One example: Every new congressman and senator is allocated a humongous allowance to decorate his offices. And most throw out all the expensive carpet, furniture, wallpaper, paintings, etc. their predecessors used and it is all carted off to a mega warehouse where it is unlikely to ever see the light of day again. And all new stuff is bought for those offices. We not only spend more money on each decorating project than it would take to save a small bank, but we have the expense of maintaining those huge warehouses that gobble up more land every year.

Let's deal with stuff like THAT before we start talking about the necessity of raising taxes.
cicerone imposter
 
  2  
Reply Sun 7 Sep, 2008 06:53 pm
@Foxfyre,
Fox wrote:
Quote:
Is raising taxes the ONLY way to pay for anything?


No, but there's a thing called "living within your means." Bush has created the biggest national debt in history, but doesn't want to tax the very people who can most afford to pay it, and transfer that debt to our children and grandchildren. You still don't "get it."
Woiyo9
 
  2  
Reply Mon 8 Sep, 2008 06:44 am
@cicerone imposter,
Then I would expect the Congress to reduce spending. When might that happen?
FreeDuck
 
  2  
Reply Mon 8 Sep, 2008 07:14 am
@Foxfyre,
Foxfyre wrote:

Instead of raising taxes, how about not spending tax dollars on stuff that the government doesn't absolutely have to do?


I agree. Unfortunately, we have already gone to war and occupied Iraq and now we have to pay for it. We have already borrowed a **** load of money from social security, and now we have to pay for it. We have already borrowed a **** load of money from the American people and from other countries, and now we have to pay for it. The cut spending ship has sailed. We are in a pickle now, and I would rather we pay for it than my children and grandchildren.
Foxfyre
 
  2  
Reply Mon 8 Sep, 2008 07:54 am
@FreeDuck,
FreeDuck wrote:

Foxfyre wrote:

Instead of raising taxes, how about not spending tax dollars on stuff that the government doesn't absolutely have to do?


I agree. Unfortunately, we have already gone to war and occupied Iraq and now we have to pay for it. We have already borrowed a **** load of money from social security, and now we have to pay for it. We have already borrowed a **** load of money from the American people and from other countries, and now we have to pay for it. The cut spending ship has sailed. We are in a pickle now, and I would rather we pay for it than my children and grandchildren.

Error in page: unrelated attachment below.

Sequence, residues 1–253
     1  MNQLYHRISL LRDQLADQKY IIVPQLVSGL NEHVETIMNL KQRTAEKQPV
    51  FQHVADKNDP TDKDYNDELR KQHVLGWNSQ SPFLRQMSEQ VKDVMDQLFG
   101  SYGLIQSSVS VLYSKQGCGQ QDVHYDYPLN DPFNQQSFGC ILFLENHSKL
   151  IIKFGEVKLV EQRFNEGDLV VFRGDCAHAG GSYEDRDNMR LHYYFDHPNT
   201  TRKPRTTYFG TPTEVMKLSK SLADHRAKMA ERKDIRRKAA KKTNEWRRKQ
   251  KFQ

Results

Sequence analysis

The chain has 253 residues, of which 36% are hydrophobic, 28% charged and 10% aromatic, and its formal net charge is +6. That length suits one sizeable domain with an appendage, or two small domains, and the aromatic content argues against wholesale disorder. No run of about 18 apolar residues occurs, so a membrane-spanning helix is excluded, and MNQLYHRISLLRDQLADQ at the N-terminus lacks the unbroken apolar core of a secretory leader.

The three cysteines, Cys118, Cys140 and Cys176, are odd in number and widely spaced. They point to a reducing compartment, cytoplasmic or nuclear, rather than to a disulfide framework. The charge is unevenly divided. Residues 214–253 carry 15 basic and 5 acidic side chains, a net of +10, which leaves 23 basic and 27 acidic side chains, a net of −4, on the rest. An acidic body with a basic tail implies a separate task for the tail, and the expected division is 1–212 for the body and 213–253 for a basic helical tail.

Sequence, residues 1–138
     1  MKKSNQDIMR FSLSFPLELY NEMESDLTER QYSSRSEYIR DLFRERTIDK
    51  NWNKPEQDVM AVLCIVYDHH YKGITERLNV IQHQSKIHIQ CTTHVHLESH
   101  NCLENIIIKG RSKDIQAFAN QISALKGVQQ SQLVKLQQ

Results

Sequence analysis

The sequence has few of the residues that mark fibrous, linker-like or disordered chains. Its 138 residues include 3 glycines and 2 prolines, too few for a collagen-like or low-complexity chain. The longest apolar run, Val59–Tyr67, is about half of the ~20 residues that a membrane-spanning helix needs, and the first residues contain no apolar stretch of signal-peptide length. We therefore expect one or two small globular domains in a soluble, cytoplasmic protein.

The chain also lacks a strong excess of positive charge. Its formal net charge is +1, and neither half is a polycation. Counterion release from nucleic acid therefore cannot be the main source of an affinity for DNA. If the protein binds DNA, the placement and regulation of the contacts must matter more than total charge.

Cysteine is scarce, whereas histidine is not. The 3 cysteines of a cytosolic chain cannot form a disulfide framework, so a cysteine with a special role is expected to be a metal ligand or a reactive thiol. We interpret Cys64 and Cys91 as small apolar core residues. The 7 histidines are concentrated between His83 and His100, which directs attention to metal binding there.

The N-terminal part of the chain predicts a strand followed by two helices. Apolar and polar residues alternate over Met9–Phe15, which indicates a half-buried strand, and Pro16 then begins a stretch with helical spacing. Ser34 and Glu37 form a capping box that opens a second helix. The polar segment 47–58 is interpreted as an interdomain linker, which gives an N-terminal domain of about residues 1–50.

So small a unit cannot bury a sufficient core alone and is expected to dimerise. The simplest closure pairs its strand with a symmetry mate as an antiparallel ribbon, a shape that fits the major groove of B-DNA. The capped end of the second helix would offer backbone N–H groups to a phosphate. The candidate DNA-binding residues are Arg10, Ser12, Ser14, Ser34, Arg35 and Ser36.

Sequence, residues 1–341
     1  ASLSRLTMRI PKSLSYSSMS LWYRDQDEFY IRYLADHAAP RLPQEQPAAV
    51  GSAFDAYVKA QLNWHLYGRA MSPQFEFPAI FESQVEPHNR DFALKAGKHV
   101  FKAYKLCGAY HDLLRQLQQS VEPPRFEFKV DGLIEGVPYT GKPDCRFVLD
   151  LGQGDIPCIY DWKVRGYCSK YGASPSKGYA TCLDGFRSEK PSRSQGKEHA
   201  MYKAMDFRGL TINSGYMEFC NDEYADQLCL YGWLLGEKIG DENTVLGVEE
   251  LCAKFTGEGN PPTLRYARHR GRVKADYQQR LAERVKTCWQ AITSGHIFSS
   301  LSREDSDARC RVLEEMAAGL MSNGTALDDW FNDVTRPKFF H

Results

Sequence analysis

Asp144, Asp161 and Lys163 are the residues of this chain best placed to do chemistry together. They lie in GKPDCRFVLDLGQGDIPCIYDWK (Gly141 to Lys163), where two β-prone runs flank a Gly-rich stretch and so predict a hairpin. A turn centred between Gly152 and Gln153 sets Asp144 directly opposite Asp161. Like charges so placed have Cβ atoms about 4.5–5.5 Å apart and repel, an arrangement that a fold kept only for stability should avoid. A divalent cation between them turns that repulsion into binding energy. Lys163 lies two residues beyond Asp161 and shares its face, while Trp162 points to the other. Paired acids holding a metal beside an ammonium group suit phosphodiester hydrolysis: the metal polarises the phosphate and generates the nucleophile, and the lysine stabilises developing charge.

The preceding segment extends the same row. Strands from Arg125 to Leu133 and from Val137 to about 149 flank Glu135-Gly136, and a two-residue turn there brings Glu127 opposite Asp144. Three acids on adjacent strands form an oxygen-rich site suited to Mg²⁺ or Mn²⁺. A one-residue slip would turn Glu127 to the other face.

Yes it has to be paid for, but it certainly isn't the first time that the US has had a war debt nor is it likely to be the past. Government has raided the social security account since Day 1 and there has always been a zero balance and a fistfull of IOU's there, so that isn't anything new. There is no reason to think the richest country in the world won't pay for it again. And I think my suggestions are a far more sensible and practical and productive way to pay for it all than tax increases are likely to be.

You raise taxes with the way Congress thinks and operates today, and they only see more money to spend and more license to increase the debt which will leave an even larger debt for our children and grandchildren to deal with. You can't find a Congress in our life time that has paid down the debt. The only practical way to pay that debt is to demand fiscal responsibility on the spending end and grow our way out of it.

We won't do that by raising taxes.